This interview with Elizabeth Alexander struck me as intriguing because of her assertion that poetry can offer a place of quiescence and solitude. This idea of poetry affording a reserved moment and an opportunity for inner contemplation has been reiterated by multiple poets who are just as passionate about their work and want others to experience the same pleasure they do in poetic writing. Alexander focuses on the importance of having those instances of silence as well as finding truth in poetry that isn't necessarily expressed in other forms of writing. I also found these elements of experiencing poetry in reading and discussing William Carlos Williams’ “This is Just to Say.”Alexander states that she finds poetry situates her in a moment that prose can only describe. This draws on the significance and differentiating factors that poetry holds as an art form. She goes on to further discuss how society as a whole “craves truth tellers,” which are predominantly absent in the performance of speech. We generally accept this form of discourse although it doesn't really get us anywhere, and instead we should be asking “What would we really say?” Alexander also expands on the importance of poetry offering small chunks of time for self-contemplation and quiet mindfulness. She describes it as a moment of inner listening, in which one takes notice of themselves and their subjective well-being.. I found this to be particularly evident when I read and then discussed “This is Just to Say”.Upon my first reading of this poem I knew I would need to slow down and truly notice and take time discover the poem. On my first glance it seemed to be hardly anything more structurally complex than a kitchen note crudely scrabbled on a napkin. After taking this time and eventually obtaining my own understanding of the poem, however, I sought out others’ opinions through discussion. It seemed that my peers largely differed on their interpretation of how the poem should be read. The general consensus seemed to be that the poem had a sarcastic tone in its entirety, and that if the speaker were truly apologetic they would have begun the actual apology at the beginning of the poem. I fervently disagreed. I read this poem as though it were written by someone afflicted with anxiety. Someone who is honestly apologetic and is seeking forgiveness for something they are truly ashamed of. My interpretation of the first two stanzas,I have eatenthe plumsthat were inthe icebox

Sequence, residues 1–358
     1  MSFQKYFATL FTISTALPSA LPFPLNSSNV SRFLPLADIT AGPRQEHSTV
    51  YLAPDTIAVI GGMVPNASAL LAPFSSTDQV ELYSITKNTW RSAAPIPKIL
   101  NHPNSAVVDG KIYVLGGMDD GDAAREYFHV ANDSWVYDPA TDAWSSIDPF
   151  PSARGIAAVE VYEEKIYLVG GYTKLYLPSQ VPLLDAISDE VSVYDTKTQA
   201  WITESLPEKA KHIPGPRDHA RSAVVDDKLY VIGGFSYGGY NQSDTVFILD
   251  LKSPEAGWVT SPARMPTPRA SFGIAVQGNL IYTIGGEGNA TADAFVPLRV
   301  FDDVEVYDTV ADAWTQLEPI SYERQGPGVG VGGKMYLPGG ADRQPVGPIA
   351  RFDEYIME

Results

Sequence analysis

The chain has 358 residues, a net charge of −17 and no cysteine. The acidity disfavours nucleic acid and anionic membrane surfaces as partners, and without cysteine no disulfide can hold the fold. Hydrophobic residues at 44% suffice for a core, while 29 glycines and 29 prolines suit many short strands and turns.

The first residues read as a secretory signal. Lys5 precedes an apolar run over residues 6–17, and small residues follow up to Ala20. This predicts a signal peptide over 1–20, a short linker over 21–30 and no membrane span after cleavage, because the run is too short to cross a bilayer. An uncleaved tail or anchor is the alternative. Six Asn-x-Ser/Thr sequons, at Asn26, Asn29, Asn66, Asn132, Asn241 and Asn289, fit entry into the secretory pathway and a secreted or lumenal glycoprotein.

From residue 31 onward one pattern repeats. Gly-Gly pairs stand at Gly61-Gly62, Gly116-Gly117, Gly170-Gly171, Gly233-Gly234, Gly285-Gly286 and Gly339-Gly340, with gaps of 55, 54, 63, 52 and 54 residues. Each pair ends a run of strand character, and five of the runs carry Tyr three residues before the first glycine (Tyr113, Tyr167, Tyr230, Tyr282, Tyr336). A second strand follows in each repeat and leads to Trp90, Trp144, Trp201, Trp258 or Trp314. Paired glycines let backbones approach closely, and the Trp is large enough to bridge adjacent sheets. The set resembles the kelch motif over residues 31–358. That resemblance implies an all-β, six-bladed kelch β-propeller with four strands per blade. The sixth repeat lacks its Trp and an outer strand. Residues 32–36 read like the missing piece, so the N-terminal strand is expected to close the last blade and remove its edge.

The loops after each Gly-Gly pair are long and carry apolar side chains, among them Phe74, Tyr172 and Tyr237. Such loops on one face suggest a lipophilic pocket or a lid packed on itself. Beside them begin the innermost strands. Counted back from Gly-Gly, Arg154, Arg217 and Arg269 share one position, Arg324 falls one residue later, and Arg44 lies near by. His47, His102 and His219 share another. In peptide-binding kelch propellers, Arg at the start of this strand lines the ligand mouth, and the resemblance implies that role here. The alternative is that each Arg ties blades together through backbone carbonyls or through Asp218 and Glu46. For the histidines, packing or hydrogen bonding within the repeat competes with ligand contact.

and whichyou were probablysavingfor breakfast
is that they are to be read in a more accelerated fashion, as though it were a monologue of the train of thoughts that come tumbling out as the speaker tries to write the note. The line breaks play a significant role in this appreciation of the poem because I imagine a gasp for air at the end of each of them as the speaker tries to hold back apologetic tears and the anxiety of committing what they perceive as a severe misdeed. The final stanza, however, offers that sense of inner contemplation and quiet resolve that Alexander noted. The speaker ends their frantic apology with the last stanza.Forgive methey were deliciousso sweetand so cold
From my interpretation, this was a stanza ridden with tones of guilt and self-deprecation. The completion of the apology offers a quiet resolve that appears in opposition to the tone of the rest of the poem. In my imagining of the rest of the poem to be frenetic in pace, this last stanza is read slower as the speaker comes to terms with themselves and reaches a point of acceptance with their guilt and scorn for themselves. After reading this poem, I always find myself considering what it truly means to be apologetic and how personality factors can be misinterpreted when not understood from a perspective that understands the person asking for forgiveness. The quiet moment of seeking truth from the poem and brooding over it’s real life application to myself and others demonstrates that moment of solace and obtaining an understanding within oneself that was previously not sought out. As Alexander asserts, prose could describe this experience of anxiety in social relations and the guilt and stress that accompanies it, but the poem “This is Just to Say” puts the reader into the subjective experience of what prose can only offer a descriptive narrative of.
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